For example, Muirhead et al (1999) undertook a cohort study on 124,743 radiation workers in the United Kingdom with a follow-up through 1992. Two types of analyses were carried out on this cohort. The first was an external analysis producing SMRs and using the general population of England and Wales for reference. The second was an internal analysis to investigate dose–response relationships. Standardised mortality ratios were adjusted for age, calendar year and sex, and then were reported using an unlagged and a lagged analysis (based on a 10-year latency period). An SMR of 0.75 (95% CI=0.36–1.38, n=10) was obtained for mortality from bone cancer in the unlagged analysis and an SMR of 0.52 (95% CI=0.14–1.34, n=4) for the lagged analysis. However, risk for thyroid cancer was elevated in both the unlagged (SMR=1.52, 95% CI=0.79–2.66, n=12) and lagged (SMR=1.80, 95% CI=0.90–3.21, n=11) analyses. The internal analysis provided a nonsignificant negative dose trend for bone cancer (P=0.28) from 4 deaths, and a nonsignificant positive trend associated with thyroid cancer (P=0.31) from 11 deaths.
In another study, follow-up was conducted from 1946 to 1988 for mortality from bone and thyroid cancer in 75,006 employees of three United Kingdom Nuclear Industry Workforces (Carpenter et al, 1998). Data on external radiation dose were obtained for n=40 761 workers, and individuals not monitored for exposure to any radionuclide were used as reference in the analysis. Four deaths from bone cancer were observed in the reference group (SMR=0.83), but for those monitored for radionuclide exposure elevated SMRs of 1.81 (n=1), 1.00 (n=2) and 1.42 (n=2) were observed for tritium, plutonium and others sources, respectively. Rate ratios were elevated but not significantly (tritium: RR=1.31, 95% CI=0.05–14.71, plutonium: RR=1.01, 95% CI=0.12–7.35 and other: RR=2.07, 95% CI=0.21–18.61). In this study, there were no thyroid deaths among the tritium and other radionuclide subgroups, and only one observed death in the plutonium subgroup (SMR=0.85). A significantly elevated SMR of 2.69 (n=7, P<0.05) for thyroid cancer was observed in the reference group, resulting in a significantly lowered rate ratio (RR=0.15, 95% CI=0.01–0.89) for the group monitored for plutonium.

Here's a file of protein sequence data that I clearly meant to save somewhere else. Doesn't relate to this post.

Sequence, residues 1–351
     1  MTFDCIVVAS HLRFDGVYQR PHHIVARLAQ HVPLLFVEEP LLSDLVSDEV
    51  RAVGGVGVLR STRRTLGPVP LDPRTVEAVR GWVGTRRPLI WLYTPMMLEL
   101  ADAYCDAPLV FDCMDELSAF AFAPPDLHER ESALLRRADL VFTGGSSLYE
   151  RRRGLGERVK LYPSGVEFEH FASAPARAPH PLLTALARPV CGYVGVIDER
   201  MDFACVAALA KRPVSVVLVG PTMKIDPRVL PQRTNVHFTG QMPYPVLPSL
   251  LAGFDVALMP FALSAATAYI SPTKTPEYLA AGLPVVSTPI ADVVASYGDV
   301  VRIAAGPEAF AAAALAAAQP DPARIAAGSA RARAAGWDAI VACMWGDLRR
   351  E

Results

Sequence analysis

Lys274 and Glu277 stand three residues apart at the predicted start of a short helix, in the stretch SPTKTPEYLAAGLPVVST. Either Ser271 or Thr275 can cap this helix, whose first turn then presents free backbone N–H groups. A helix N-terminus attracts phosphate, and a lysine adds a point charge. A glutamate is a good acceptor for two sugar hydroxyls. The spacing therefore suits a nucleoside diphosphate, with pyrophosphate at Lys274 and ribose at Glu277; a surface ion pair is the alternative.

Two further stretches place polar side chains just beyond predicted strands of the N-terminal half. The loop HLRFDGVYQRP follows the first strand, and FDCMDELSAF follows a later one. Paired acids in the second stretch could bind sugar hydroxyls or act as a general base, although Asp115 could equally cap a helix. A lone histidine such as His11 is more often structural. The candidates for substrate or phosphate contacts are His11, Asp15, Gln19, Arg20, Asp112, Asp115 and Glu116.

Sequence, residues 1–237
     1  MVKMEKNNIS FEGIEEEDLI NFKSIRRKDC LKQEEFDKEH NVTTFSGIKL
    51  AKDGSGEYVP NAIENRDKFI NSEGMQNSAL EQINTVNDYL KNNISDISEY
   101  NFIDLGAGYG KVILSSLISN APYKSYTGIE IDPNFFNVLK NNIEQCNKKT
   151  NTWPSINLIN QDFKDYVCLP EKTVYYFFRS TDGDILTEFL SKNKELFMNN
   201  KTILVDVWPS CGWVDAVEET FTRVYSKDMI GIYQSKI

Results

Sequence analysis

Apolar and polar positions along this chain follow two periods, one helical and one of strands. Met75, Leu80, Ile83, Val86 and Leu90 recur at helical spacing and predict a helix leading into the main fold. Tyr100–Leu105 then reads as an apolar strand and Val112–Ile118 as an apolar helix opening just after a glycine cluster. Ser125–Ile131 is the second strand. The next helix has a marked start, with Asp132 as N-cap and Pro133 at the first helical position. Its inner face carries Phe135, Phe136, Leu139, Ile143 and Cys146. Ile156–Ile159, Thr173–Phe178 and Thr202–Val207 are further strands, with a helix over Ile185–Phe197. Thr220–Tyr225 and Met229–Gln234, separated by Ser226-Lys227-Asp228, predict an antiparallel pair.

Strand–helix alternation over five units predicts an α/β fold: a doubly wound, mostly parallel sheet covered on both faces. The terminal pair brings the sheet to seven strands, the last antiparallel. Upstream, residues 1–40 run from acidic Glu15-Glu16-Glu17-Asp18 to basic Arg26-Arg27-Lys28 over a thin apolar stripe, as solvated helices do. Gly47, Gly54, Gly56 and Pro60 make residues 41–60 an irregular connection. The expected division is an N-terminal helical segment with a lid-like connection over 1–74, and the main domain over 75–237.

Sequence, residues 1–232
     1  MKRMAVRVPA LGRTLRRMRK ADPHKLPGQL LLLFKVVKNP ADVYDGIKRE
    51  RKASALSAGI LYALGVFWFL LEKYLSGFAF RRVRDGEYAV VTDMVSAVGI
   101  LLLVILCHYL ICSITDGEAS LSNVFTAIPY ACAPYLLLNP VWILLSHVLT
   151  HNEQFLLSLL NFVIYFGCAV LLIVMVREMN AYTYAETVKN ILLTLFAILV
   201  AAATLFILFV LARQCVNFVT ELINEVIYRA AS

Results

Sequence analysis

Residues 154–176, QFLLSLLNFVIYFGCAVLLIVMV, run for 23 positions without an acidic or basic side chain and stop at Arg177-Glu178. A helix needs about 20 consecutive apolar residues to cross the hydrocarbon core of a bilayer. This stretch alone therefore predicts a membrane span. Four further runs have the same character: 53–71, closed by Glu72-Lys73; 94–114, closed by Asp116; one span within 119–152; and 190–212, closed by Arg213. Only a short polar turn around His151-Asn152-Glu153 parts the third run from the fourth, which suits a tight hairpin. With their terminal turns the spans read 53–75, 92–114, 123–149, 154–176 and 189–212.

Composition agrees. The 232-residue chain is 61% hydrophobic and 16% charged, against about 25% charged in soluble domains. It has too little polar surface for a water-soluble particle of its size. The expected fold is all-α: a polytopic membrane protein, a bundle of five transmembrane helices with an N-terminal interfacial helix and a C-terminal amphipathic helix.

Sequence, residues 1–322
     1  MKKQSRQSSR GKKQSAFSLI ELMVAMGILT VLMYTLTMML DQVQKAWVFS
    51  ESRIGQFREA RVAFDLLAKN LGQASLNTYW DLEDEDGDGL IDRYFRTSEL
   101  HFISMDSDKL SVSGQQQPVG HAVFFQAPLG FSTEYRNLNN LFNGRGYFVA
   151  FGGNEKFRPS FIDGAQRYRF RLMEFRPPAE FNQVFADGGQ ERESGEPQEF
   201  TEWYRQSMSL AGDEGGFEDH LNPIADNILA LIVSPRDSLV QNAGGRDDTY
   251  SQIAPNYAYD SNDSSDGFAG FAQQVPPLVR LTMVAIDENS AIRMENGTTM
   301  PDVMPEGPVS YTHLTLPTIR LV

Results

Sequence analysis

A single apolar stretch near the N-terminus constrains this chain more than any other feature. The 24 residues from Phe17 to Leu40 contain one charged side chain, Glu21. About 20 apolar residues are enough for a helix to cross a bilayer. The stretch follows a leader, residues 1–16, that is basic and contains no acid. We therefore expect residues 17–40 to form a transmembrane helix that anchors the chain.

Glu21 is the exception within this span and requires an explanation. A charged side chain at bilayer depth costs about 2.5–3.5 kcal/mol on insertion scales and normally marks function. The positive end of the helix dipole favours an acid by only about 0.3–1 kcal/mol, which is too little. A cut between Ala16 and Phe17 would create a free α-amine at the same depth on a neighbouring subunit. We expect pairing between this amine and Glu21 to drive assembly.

Occupational exposures considered for soft-tissue sarcoma
Dioxins or chlorinated dibenzo-para-dioxins are structurally similar to chlorinated hydrocarbons (the most toxic form being dioxins) and are by-products of industrial processes (e.g., coke production, manufacture of non-ferrous metals, lime) (Eduljee and Dyke, 1996) and combustion (e.g., burning biomass, coal, oil), and may be released at metal and waste recycling sites (Sweetman et al, 2004). For TCDD, the following risk estimates were used for specific occupational groups.
Agriculture/horticulture workers: A summary risk estimate SMR of 1.03 (95% CI=0.90–1.17) was obtained from a meta-analysis by Acquavella et al (1998) to calculate the AF for horticultural, agriculture/fishing, pest control workers, as well as for similar occupations.
Manufacture of pesticides: An overall risk estimate from a meta-analysis by Jones et al (2009) (SMR=1.13, 95% CI=0.75–1.70) was used because the number of workers specifically involved in the manufacture of phenoxy herbicide pesticides in GB could not be identified.
Other industries: For industries in which levels of exposure were not monitored, a risk estimate of 2.03 (95% CI=0.75–4.43) was taken from the IARC register of workers exposed to phenoxy-acid herbicides and chlorophenols contaminated with dioxins (especially TCDD) and furans (Kogevinas et al, 1997). This study included 21,000 workers and found six deaths from STS among exposed workers.
Estimation of numbers ever exposed
The data sources, major industry sectors and jobs for estimation of numbers ever exposed over the risk exposure period (REP), defined as the period during which exposure occurred that was relevant to the development of the cancer in the target year 2005, are given in Table 1. The occupations with likely exposure to non-arsenical insecticides are linked with agriculture and horticulture, gardening, forestry, pest control, as well as with the manufacture of these products. The Labour Force Survey gives a number of job titles that fit these occupations, giving an estimated total of 25,563 workers (20,792 men and 4771 women) involved in their use and 4153 workers (2835 men and 1318 women) involved in their production. For inorganic lead exposure, the CArcinogen EXposure database, CAREX, estimated that a total of 249,412 workers were exposed in the period 1990–1993 in a variety of industries (Kauppinen et al, 1998). According to HSE statistics, in the same period just <27,000 individuals were under surveillance for lead exposure (in workplaces where exposure was at least 50% of the Occupational Exposure Limit (OEL) or workers who had a blood lead level above the action limit); by 2006/2007 this had decreased by almost 70%.